Given this context, most Muslims will perhaps feel disappointed at some of the comments of those “leaders” who went in to bat on their behalf. Of course self- indulgent bad timing is not the sole preserve of Muslim leaders: David Cameron’s gross misjudgment of the national mood in his criticisms of how the government had failed to keep us safe and secure were just as crass. Cameron’s stance, in undermining the unity required from our leaders on such occasions of national unease,played into the extremists’ hands.
So too, unfortunately, did the comments of some of the “Muslim leaders” who demanded sharia for British Muslims rather than the existing legal system. The call for special public holidays for Muslims was unnecessary, impracticable and divisive. Most employers already allow their staff to take such days out of their annual leave. And what about special holidays for Sikhs, Hindus, Jews? If we amended our laws to accommodate all such requests, then all the king’s horses and all the king’s men wouldn’t be able to put our workplaces and communities back together again.
When it comes to sharia, Muhammad ibn Adam, the respected Islamic scholar, says: “It is necessary by sharia to abide by the laws of the country one lives in, regardless of the nature of the law, as long as the law doesn’t demand something that is against Islam.” It is narrated in the Koran that the prophet Muhammad (peace be upon him) said: “It is necessary upon a Muslim to listen to and obey the ruler, as long as one is not ordered to carry out a sin.” (Sahih al-Bukhari, no 2796 & Sunan Tirmidhi).
In Britain there are no laws that force Muslims to do something against sharia and Muslims enjoy the freedom to worship and follow their religion, as do all other faiths. Compare Muslim countries such as Saudi Arabia, a sharia regime where women are forbidden to drive; or Turkey, a secular country where women are forbidden to wear the hijab; or Tunisia, where civil servants are forbidden to wear a beard.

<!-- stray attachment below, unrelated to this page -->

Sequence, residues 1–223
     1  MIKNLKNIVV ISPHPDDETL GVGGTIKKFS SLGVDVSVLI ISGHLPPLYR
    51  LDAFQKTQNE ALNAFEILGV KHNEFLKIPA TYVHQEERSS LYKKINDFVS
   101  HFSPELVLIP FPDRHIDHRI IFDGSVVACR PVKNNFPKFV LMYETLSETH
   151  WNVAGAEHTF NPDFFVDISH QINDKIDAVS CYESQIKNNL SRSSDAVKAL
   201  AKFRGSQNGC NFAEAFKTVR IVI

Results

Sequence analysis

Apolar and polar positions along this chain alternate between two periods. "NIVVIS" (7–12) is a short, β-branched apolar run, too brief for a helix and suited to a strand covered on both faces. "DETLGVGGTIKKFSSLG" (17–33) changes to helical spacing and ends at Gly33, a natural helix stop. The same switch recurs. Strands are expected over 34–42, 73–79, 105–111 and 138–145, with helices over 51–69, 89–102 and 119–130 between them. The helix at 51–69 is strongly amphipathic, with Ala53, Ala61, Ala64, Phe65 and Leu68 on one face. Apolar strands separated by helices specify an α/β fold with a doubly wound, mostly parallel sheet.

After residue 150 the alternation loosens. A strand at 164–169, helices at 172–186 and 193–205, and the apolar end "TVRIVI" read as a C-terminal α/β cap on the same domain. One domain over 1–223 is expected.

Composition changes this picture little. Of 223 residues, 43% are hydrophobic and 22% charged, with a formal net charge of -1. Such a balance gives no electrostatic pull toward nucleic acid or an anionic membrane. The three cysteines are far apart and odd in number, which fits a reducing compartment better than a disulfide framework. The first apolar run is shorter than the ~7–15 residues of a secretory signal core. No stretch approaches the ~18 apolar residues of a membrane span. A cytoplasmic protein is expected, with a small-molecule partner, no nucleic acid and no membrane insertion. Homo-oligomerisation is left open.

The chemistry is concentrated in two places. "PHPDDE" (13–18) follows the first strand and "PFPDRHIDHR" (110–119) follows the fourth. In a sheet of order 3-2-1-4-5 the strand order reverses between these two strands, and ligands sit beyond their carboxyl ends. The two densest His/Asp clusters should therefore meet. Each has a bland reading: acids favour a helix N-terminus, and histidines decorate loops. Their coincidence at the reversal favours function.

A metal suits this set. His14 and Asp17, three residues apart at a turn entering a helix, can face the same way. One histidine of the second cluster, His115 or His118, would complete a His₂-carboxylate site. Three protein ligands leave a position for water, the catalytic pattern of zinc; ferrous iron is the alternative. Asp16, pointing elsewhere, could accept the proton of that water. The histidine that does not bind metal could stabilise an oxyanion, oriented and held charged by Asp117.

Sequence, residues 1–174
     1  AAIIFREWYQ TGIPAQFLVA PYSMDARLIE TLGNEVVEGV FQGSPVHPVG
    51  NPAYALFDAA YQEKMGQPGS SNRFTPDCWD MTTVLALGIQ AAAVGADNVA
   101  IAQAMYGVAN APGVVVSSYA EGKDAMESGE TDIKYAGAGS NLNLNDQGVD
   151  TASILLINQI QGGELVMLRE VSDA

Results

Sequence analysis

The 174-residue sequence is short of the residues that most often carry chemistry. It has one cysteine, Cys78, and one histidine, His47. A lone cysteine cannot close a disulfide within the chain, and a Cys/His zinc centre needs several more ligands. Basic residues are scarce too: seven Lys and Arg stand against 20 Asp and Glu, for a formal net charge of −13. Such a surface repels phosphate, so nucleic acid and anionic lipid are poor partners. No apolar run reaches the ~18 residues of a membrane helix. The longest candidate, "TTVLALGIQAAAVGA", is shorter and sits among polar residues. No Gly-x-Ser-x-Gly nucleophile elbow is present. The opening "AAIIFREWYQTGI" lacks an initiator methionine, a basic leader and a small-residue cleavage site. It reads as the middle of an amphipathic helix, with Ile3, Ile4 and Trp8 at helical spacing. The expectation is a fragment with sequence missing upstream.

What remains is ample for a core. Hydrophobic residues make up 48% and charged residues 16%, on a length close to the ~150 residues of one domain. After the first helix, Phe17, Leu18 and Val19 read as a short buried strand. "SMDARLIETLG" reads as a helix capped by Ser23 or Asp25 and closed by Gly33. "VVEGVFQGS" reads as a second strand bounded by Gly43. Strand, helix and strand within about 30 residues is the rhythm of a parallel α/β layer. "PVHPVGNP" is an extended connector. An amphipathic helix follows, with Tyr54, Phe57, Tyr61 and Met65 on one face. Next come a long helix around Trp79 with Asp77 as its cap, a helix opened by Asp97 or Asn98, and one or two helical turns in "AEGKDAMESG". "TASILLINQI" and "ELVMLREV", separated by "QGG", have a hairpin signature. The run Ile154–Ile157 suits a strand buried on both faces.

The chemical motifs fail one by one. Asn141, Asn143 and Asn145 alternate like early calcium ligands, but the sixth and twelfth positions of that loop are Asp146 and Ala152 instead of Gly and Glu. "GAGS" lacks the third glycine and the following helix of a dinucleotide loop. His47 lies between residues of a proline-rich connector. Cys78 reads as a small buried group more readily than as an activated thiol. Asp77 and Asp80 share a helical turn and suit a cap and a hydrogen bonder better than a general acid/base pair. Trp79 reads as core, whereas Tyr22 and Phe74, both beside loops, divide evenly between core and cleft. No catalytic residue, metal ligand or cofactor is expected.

I believe that as a Muslim there is no better place to live than Britain. That doesn’t mean that all in the garden is rosy; often Islamophobia is palpable. But my message is: whether you are white, Asian, black, Muslim, Christian or Jew, if you don’t like where you’re living you have two choices: either you live elsewhere, or you engage in the political process, attempt to create change and ultimately respect the will of the majority.
When Lord Ahmed, the Muslim Labour peer, heard my comments — I said essentially that if Muslims wanted sharia they should go and live somewhere where they have it — he accused me of doing the BNP’s work. He is entitled to his opinion. However, a little honesty, like mine, in this whole debate might just restore trust in politicians and ease the population’s anxieties.
Since I made my remarks my office has been overwhelmed with support. I also know that some Muslims feel uncomfortable, not necessarily because they disagree but because they feel targeted. But what I want to say to my fellow British Muslims is that in this country we enjoy freedoms, rights and privileges of which Muslims elsewhere can only dream. We should appreciate that fact and have the confidence to fulfil the obligations and responsibilities as part of our contract with our country and as dictated by sharia law.